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BTS: Beyond the Stereotypes

High school can hardly be called a breeze. Becoming a teenager naturally entails the internal conflict of crafting your authenticity while fitting into societal norms. I used to be quite assured in my self-identity until 9th grade, the time when all my peers had grown out of their middle-school skins and sought to be more mature. A flood of insecurities ravaged my mind most of high school, all because my persona failed to level up to others’. I didn’t think I was pretty enough, smart enough, or talented enough. Even if I had achieved something extraordinary, I would dismiss it as “unremarkable.” 

A lack of self-worth can be detrimental, but what truly escalates the dilemma is harboring the dejection within. I struggled to find a person I could confide in about my self-doubts. It always felt like no one would take me seriously because I was “only 15” or “only 16”, and therefore, just young and oversensitive. Others claiming our emotions stem from a war of hormones contributes to the positive-feedback loop of self-loathing. 

Age is not a reason to invalidate someone. We all need people in our lives to tell us “you matter,” “you are appreciated,” and more importantly, “you are allowed to not be ok.”

Saying that there will only be good things from now on

Saying that you won’t get hurt

I can’t say that

I can’t lie like that…

It’s okay come on when I say one two three forget it

Erase all sad memories hold my hand and smile.”

These translated lyrics are from BTS’s 2! 3!, a song dedicated to their beloved fanbase, Army. It encompasses refreshing words about letting go of hurt and moving forward with faith. The most crucial aspect of this song is acknowledging that our pain and obstacles cannot magically disappear, yet they [BTS] will walk the road to healing with us. 

I found out about BTS during the peak of my self-esteem issues. Coincidentally, DNA was the first music video I saw of theirs, a song about destiny bringing two people together. I like to think it was destiny I found them, because without their heartfelt music, I don’t know how I would’ve healed when trying times arose.

Being a 15-year-old Army, many assumed I only stanned BTS for their attractive appearances. Even schoolmates would scoff about their 10-year-old siblings “going crazy” for them. Stereotypes of looking hot, attracting young girls, and being an entity of obsession are commonly associated with boy groups. While handsomeness is not a drawback, it can become an issue if it overrides the creative talent of the artists.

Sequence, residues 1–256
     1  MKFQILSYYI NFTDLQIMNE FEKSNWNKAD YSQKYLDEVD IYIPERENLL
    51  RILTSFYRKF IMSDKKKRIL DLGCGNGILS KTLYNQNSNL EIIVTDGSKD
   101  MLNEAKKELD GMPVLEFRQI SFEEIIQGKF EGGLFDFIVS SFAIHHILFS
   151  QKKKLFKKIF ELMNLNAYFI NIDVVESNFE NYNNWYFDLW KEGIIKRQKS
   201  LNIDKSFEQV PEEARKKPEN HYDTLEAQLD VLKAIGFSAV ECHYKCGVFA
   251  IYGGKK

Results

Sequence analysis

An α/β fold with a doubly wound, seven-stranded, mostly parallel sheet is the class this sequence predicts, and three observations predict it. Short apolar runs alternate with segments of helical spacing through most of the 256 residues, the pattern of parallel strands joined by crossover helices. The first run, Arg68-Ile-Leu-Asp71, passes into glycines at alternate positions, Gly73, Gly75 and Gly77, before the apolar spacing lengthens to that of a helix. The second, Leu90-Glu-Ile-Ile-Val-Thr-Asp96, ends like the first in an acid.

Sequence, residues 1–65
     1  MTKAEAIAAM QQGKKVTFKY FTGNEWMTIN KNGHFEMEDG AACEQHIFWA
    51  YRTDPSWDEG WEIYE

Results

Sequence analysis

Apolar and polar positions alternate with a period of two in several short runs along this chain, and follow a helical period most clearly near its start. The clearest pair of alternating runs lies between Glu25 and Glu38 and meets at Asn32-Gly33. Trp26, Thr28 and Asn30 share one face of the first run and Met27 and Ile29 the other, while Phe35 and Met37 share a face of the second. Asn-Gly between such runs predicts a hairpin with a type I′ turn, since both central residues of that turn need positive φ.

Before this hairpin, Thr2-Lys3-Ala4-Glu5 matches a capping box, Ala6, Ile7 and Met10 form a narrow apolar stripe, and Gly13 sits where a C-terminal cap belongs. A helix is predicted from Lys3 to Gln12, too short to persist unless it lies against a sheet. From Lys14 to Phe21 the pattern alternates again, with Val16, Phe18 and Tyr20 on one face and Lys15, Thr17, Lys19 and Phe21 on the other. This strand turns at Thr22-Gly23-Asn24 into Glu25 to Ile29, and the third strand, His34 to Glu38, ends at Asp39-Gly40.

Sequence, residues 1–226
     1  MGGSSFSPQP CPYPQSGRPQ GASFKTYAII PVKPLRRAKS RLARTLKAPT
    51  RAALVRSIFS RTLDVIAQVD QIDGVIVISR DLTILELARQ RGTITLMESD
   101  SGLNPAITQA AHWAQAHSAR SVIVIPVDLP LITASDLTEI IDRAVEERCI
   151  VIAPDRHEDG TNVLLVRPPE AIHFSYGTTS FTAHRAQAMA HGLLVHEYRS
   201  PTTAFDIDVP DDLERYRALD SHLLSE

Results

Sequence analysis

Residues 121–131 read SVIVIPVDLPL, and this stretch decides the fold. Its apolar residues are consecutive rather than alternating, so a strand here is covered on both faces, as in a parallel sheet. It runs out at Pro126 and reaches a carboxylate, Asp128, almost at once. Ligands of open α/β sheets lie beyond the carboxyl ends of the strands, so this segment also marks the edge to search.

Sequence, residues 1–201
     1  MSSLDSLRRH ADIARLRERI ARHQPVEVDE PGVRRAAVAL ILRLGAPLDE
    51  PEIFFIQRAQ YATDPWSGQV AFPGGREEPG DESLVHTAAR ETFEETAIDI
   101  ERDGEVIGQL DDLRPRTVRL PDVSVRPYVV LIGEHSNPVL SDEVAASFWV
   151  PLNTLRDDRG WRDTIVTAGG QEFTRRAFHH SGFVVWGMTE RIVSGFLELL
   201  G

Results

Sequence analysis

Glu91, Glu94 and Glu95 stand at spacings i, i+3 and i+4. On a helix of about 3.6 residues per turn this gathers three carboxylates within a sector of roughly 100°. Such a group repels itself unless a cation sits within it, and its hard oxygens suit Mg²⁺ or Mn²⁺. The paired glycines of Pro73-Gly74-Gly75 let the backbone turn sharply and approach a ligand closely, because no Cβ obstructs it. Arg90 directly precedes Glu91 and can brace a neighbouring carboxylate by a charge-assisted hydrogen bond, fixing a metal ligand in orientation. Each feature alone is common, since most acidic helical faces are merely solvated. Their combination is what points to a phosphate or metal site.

To be transparent, I didn’t consider BTS’s looks at all when becoming an Army. There are hundreds of singers that are physically attractive and make catchy songs, why should I choose BTS over the rest of them? It came down to the depth of their lyrics. 

Time and time again I have heard melodies of love, break-ups, sex, etc, but it felt alleviating to finally hear songs about sadness, fear, motivation, and hope. Whalien 52 has a special place in my heart, their song about the 52-hertz whale that cannot be heard by others of its kind. Using such an astute symbol for loneliness still amazes me to this day.  

Not just in classroom settings, but even on live television, jokes have been passed about BTS only appealing to little girls. The ironic thing is, their lyrics are quite mature, eloquent, and raw enough to transcend all age and gender barriers. Not just lyrics, but their entire discography itself. From their debut album, 2 Kool 4 Skool up till Love Yourself: Answer, the artists have crafted a beautiful journey of the evolution of love, wrapping up the era with the enlightening message of loving yourself first. 

This article isn’t a recruiting attempt into the Army fandom, but rather, to shed light on BTS’s admirable qualities that surpass a typical boy band. Being an Army for 3 years now, I truly believe BTS and their music have brought immense positivity into my life, and I’m sitting here a full-fledged adult! Bangtan Soneyondan knows how to go beyond the scene, beyond the stereotypes, and beyond the standards.

Gayathri is a first-year Biotechnology major and member of the UCD Her Campus Digital Media team. She loves to write, work out, sing, and sleep (college students need more of that nowadays). When not indulging in her boba addiction, she likes to wind down by watching hilarious Youtube vids with a hot cup of tea.
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